Grouping items with local dependency did not improve the overall fit to the model and worsened the mis-targeting of the data and therefore was not performed. When removing misfitted persons, rescoring items 1, 2, 10 and 12 by collapsing response categories 3 (“great difficulty”) and 4 (“unable to do”), and splitting item 1 (buttoning buttons) for DIF (sex), the scale and persons were less off target with a mean person location of 1.33 (SD 1.34). The overall fit to the model remained almost the same; χ2 = 53.0 (DF 38, p = 0.046); item fit residual mean = 0.15 (SD 1.09); person fit residual mean = –0.11 (SD 1.03), indicating no misfit to the Rasch model.

Differences in activity limitation between people with carpometacarpal joint osteoarthritis and rheumatoid arthritis (n = 520)

There was no significant difference in total mean MAP-Hand score between people with CMC1 OA and RA (mean 1.97 (SD 0.42) vs mean 1.98 (SD 0.65), p = 0.95) (Fig. 1). When assessing DIF of the different items of MAP-Hand using condition as a person factor, it was found that people with CMC1 OA had more problems with items 4 (squeezing out of tubes), 9 (opening jam jars), 12 (stirring food in a pan) and 13 (wringing out clothes), while people with RA had more problems with items 14 (carrying shopping bags), 17 (pushing with hands), and 18 (carrying heavy objects) (Fig. 2).


Fig. 1. Box plots showing mean activity limitations (MAP-Hand mean score; 1 = no activity limitations, 4 = unable to perform activity) in people with carpometacarpal osteoarthritis vs rheumatoid arthritis.


Fig. 2. Differential item functioning (DIF) between people with carpometacarpal osteoarthritis (n = 180) or rheumatoid arthritis (n = 340) with Bonferroni correction (p-value of < 0.002), shown for items in the Measure of Activity Performance of the Hand (MAP-Hand) questionnaire. The percentages of people scoring in the different response categories are shown in light grey (rheumatoid arthritis) and blue (carpometacarpal osteoarthritis)

DISCUSSION

The aims of this paper were to assess if the scores of the MAP-Hand questionnaire satisfied the Rasch model requirements with regard to construct validity in people with CMC1 OA and to explore the differences in activity performance of the hand between people with RA and CMC1 OA. The results of the Rasch analyses showed that the MAP-Hand had acceptable construct validity in people with HOA. There was no difference between people with CMC1 OA and RA with regard to the total mean score of the MAP-Hand. However, there were some differences at item levels with people with RA having more problems with carrying and pushing items, while people with CMC1 OA had more problems related to fine hand use (squeezing) and twisting/turning (stirring, opening jars and wringing clothes).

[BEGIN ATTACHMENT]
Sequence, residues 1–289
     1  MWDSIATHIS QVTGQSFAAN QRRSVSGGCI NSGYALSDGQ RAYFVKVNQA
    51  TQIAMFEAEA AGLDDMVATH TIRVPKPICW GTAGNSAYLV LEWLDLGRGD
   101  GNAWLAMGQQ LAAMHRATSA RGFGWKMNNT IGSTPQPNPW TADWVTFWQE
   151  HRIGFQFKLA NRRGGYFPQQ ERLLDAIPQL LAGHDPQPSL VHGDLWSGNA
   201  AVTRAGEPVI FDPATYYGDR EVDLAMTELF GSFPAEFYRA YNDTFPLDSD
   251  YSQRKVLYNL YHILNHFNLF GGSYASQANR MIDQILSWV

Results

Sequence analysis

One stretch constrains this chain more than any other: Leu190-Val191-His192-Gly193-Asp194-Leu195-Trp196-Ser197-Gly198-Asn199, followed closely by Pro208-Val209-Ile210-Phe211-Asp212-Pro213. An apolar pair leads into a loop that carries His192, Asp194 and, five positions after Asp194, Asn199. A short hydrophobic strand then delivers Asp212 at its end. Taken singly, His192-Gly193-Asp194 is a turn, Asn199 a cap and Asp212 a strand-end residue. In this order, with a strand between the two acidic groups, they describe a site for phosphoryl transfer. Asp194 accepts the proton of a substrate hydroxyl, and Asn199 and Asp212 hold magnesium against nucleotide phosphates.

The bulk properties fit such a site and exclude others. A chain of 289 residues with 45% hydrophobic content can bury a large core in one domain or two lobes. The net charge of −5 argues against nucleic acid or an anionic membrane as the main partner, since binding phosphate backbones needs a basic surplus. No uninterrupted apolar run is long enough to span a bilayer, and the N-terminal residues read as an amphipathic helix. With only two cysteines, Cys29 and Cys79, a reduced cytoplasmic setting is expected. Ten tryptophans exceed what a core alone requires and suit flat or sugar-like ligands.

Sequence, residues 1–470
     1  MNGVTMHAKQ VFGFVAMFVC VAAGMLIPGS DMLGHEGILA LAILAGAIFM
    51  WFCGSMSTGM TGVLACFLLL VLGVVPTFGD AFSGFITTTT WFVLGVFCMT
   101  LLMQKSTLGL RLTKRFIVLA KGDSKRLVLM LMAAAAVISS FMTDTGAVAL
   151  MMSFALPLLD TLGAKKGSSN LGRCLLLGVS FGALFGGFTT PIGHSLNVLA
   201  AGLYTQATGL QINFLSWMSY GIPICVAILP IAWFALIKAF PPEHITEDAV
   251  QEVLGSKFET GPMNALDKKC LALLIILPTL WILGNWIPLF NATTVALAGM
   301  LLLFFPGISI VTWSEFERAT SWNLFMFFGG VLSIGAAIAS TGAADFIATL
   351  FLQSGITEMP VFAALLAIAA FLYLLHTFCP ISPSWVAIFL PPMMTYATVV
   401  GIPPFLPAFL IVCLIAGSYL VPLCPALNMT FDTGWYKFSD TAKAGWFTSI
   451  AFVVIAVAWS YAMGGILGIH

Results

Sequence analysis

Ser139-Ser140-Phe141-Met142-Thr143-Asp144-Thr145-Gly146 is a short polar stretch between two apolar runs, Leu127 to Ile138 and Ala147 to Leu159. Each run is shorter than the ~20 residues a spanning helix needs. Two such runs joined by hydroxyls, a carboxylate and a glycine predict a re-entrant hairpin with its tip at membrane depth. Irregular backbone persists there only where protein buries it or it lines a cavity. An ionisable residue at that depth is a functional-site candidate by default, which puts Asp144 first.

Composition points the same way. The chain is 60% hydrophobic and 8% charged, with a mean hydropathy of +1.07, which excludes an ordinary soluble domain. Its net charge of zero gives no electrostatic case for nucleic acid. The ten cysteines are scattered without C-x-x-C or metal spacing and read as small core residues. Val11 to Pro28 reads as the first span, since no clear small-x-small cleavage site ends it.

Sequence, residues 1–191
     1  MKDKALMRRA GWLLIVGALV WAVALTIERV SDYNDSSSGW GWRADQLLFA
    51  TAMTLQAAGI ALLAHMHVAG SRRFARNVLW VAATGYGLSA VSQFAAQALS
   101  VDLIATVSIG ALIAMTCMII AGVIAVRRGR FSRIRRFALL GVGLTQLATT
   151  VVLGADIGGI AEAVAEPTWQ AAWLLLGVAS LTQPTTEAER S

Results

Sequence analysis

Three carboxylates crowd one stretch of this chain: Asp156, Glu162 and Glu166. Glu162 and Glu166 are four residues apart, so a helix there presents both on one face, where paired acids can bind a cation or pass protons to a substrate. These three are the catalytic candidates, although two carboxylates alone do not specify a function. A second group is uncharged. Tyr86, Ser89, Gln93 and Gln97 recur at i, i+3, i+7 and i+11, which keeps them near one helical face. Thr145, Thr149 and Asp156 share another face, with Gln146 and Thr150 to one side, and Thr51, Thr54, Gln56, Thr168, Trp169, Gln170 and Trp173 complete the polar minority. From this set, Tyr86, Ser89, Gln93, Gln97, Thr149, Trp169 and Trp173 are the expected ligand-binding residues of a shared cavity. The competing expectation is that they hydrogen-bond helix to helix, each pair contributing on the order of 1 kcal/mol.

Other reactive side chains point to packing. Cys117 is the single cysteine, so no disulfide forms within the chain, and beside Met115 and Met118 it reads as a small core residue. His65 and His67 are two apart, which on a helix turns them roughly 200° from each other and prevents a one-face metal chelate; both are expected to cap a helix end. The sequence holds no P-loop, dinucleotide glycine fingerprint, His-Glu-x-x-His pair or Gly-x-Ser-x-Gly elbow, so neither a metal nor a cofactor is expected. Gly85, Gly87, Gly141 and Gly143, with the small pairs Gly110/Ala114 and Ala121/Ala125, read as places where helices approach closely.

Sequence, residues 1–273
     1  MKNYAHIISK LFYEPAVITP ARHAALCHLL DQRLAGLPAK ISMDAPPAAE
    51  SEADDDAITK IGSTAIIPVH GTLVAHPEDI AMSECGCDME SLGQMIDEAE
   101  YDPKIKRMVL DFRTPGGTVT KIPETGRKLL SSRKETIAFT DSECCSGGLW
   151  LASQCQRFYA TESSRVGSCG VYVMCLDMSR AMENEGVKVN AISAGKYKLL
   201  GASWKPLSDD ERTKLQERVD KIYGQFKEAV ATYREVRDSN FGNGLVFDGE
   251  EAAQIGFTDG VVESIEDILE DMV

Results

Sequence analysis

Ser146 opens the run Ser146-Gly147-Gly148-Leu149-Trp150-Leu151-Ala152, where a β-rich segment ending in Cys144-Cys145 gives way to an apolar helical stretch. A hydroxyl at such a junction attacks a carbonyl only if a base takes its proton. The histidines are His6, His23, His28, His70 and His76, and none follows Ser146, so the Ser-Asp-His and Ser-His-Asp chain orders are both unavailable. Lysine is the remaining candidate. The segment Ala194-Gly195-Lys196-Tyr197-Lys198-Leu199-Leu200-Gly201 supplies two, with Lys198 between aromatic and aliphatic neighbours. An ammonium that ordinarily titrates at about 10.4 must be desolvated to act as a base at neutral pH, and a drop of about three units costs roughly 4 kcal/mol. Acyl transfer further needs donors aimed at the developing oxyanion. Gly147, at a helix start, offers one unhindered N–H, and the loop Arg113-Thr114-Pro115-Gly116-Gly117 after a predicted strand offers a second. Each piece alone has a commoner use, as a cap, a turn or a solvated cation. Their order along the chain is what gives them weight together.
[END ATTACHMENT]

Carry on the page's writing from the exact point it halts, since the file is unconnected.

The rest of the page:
Construct validity (Rasch analyses) of the MAP-Hand in people with carpometacarpal joint osteoarthritis

In line with previous findings in people with RA (13), the MAP-Hand questionnaire showed an overall fit to the Rasch model in people with CMC1 OA. The overall fit to the model did not alter on removing misfitted persons, splitting for DIF or rescoring items, highlighting that the questionnaire can be used in its current form. The unidimensional nature of the questionnaire displayed in both people with RA (13) and CMC1 OA indicates that the total mean score can be calculated and that comparisons can be made across different conditions.

Although the overall fit to the model was good, a mis-targeting of scores was displayed, indicating that the questionnaire may have a ceiling effect in people with CMC1 OA. This finding was underlined by less mis-targeting of scores when collapsing the 2 worst response categories (“great difficulty” and “unable to do”) in 4 of the items. However, this ceiling effect may be related to the characteristics of the current CMC1 OA sample, and not a general ceiling effect in people with HOA. The NRS pain score in the current sample indicated that the participants had mild pain and activity limitations were considered to be moderate. Thus, rather than altering the scoring of the questionnaire, additional testing of the construct validity of the MAP-Hand scores in a more affected HOA sample is recommended.